Quick access:
Go directly to content (Alt 1)Go directly to second-level navigation (Alt 3)Go directly to first-level navigation (Alt 2)

Youth Unemployment
Education and support are key

A young man training as a chef.
A young man training as a chef. | Photo (detail): © picture alliance/Martina Hengesbach/JOKER

While many European countries struggle with high youth unemployment, Germany is experiencing lower rates than seldom before. There is more to these promising figures than just the country’s strong economy.

By Wolfgang Mulke

Things looked very different back in 2005, when a Bertelsmann Foundation study predicted that youth unemployment, already high at over ten percent, was likely to worsen. The survey identified failures in education and vocational training as contributing factors. The tide soon turned though, and youth unemployment was almost halved by 2016. Experts attribute this turnaround to the flexibility of the German dual vocational training system. We spoke to Guido Kirst, head of the Vocational Orientation Programme at the Federal Institute for Vocational Education and Training (BIBB), about the advantages of this system and about programmes for young adults with learning disabilities.
In contrast to many other European countries, youth unemployment is quite low in Germany. What could be the reason for this?
In Germany, youth unemployment is currently around five to six percent, while half of all young people have been out of work at times in some countries in Southern Europe. We attribute this to our dual training system, which is closely linked to the needs of the labour market.

You are referring to vocational training that takes place at two venues, a company and a vocational school. In dual vocational training, apprentices learn on the job and also attend vocational school for several weeks at a time to learn theory.
Only Austria and Switzerland offer the same combination of school-based and in-company training. One important advantage of this system is that the job descriptions and training courses are not created in a vacuum. The private sector, trade unions, academics and administrators come to the table and work together to adapt the job descriptions to fulfil existing need. This makes the training system very flexible, even if the demands made of skilled workers change rapidly. Groups of visitors come to the BIBB from all over the world to learn more.
Do they then adopt the same model?
It is not that simple. The dual system is not transferable to every country, and would sometimes involve adopting a whole new system. It is hard enough just to convince people that trainees should be paid, for example. We point out that trainees contribute to a company as they learn. And there is no better way for a firm to find the skilled workers it needs than to train them in-house. 
Five to six percent may not seem like much compared to Southern Europe, but Germany’s economy is booming. Shouldn’t youth unemployment be even lower here?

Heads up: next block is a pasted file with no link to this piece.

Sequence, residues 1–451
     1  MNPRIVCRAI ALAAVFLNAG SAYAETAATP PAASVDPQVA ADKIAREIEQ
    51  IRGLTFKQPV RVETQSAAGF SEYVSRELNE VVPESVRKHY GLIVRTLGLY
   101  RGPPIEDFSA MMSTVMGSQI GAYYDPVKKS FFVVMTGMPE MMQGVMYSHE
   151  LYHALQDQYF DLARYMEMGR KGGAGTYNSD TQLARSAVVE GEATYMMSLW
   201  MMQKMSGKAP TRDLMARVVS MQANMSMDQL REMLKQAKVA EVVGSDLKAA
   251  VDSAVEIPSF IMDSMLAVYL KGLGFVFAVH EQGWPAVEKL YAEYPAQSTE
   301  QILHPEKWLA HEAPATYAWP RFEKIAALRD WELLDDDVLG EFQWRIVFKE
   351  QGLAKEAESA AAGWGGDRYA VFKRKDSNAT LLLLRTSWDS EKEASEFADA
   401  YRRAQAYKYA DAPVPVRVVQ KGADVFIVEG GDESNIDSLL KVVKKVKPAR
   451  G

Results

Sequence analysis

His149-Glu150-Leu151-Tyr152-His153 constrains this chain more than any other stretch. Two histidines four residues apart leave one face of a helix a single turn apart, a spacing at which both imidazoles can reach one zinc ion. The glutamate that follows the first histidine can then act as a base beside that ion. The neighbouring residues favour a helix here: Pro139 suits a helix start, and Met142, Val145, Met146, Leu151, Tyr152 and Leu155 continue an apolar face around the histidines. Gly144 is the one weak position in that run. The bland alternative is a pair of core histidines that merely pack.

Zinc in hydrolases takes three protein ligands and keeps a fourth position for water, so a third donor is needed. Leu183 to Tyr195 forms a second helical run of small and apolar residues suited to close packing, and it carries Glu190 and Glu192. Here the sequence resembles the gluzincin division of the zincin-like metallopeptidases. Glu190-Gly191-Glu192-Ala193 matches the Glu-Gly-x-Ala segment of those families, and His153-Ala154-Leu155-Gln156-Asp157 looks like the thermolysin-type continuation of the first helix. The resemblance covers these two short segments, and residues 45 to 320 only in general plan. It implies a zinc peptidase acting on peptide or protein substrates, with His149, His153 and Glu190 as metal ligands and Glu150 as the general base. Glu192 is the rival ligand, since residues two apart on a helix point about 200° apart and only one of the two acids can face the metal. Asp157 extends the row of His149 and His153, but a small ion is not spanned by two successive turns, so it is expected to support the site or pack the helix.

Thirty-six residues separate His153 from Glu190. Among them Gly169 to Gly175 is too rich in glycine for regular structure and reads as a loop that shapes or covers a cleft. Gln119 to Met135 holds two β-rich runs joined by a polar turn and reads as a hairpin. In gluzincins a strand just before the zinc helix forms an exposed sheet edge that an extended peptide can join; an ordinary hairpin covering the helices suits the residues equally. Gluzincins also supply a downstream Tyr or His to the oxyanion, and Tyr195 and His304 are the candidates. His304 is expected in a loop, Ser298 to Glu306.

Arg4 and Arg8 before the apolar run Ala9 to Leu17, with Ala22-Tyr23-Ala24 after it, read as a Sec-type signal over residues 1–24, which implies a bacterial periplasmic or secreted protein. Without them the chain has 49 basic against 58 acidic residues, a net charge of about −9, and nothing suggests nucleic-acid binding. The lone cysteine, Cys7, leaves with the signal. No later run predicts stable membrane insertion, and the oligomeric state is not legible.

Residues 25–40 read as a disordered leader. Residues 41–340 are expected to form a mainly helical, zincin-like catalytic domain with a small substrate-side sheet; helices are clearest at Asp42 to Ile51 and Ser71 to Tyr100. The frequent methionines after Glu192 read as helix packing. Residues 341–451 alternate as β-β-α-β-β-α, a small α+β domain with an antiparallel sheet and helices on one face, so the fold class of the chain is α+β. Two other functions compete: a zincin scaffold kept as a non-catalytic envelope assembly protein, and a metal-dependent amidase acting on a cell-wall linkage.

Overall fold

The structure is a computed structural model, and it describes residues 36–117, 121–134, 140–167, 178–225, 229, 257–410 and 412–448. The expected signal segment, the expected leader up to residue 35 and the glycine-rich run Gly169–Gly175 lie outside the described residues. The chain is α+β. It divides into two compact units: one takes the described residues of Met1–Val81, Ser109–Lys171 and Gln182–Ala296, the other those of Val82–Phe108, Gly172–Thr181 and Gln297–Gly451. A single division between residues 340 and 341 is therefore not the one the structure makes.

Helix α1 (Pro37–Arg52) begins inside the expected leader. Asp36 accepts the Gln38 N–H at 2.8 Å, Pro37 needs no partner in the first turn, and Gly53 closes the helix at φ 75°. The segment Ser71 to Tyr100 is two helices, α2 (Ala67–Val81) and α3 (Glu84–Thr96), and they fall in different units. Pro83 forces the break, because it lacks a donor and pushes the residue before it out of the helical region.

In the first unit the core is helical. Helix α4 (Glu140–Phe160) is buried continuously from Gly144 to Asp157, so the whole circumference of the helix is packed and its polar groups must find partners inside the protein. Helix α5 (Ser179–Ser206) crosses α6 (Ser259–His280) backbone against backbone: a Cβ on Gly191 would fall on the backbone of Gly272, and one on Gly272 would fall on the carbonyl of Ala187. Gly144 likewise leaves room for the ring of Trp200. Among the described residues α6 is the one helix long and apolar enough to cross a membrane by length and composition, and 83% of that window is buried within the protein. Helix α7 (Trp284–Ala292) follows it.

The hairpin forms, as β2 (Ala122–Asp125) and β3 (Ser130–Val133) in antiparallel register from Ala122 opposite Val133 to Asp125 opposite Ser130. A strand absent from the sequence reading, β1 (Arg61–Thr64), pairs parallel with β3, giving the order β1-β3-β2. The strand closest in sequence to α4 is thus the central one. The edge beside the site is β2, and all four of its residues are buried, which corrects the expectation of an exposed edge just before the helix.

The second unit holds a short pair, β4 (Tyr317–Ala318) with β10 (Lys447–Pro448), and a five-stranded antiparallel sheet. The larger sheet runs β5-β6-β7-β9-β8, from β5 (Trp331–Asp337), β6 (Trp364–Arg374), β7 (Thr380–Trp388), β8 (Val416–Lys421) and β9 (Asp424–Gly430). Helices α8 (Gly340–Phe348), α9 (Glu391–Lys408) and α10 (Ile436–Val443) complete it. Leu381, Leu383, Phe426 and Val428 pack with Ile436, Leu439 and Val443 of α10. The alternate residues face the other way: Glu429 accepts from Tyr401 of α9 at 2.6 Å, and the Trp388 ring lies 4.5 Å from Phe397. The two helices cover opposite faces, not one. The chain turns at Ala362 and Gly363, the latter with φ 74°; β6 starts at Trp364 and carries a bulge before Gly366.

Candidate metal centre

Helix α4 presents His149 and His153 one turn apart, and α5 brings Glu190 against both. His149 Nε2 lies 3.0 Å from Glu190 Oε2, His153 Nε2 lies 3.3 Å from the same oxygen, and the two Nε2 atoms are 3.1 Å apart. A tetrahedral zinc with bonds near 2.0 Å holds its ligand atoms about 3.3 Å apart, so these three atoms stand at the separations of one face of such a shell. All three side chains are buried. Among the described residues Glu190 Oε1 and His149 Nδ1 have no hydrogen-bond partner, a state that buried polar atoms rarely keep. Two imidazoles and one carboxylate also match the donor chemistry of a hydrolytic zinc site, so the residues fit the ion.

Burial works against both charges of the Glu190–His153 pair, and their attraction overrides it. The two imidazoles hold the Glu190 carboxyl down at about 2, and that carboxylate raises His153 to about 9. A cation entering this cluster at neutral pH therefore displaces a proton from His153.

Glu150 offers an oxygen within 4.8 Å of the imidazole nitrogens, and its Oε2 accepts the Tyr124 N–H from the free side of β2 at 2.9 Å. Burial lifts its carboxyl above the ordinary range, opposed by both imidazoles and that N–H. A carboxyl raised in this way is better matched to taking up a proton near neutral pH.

That is primarily due to regional conditions. Trainee positions don’t always match demand. And the trainee and student age group is not very mobile. We have also noticed a more recent trend; the perception of the apprenticeship market has shifted. Many young people are convinced they will get an apprenticeship in a highly regarded profession, even if they are not really qualified for it. They could easily find a spot in a different field, but often don’t apply anywhere else because they are holding out for something better. Some go empty-handed in the end.
Educator Guido Kirst has worked for the Federal Institute for Vocational Education and Training (BIBB) since 2007. Educator Guido Kirst has worked for the Federal Institute for Vocational Education and Training (BIBB) since 2007. | Photo: © BIBB The private sector complains about a lack of maturity among would-be trainees. Is that true?
First of all, it is important to note that while there is a lot of talk about the level of maturity trainees need, this is not a clearly defined entity. Academic performance has improved, for example, and the German Chamber of Industry and Commerce (DIHK) reports that young people are doing better in German and mathematics. In addition, one third of companies already offer private tutoring to close any knowledge gaps. But companies are also paying closer attention to social skills and finding a lot of weaknesses. They complain that young people lack stamina, aren’t willing to work hard, and have a low tolerance for frustration. These are crucial skills that have to be practiced at home. You can’t just blame it on the schools, which are undergoing lots of changes. Self-organized learning models are replacing the teacher-centred approach, and grades are no longer as important as they used to be.
What are some successful integration programmes that have helped to reduce youth unemployment in problem regions?
There are a whole host of projects, like assisted training, which came out of a successful pilot project in Baden-Württemberg. Counsellors give young people with learning disabilities and social disadvantages comprehensive support both in school and in their personal lives. They help them find a suitable apprenticeship and solve personal problems as well. A company can call in the counsellor if the young person is struggling. Firms really value this kind of mediation. Young people also receive support in starting a career. The objective is to make sure that they stick it out and finish school, so they can successfully begin vocational training. Additionally career entry counsellors help trainees stay on the ball during the first six months of training.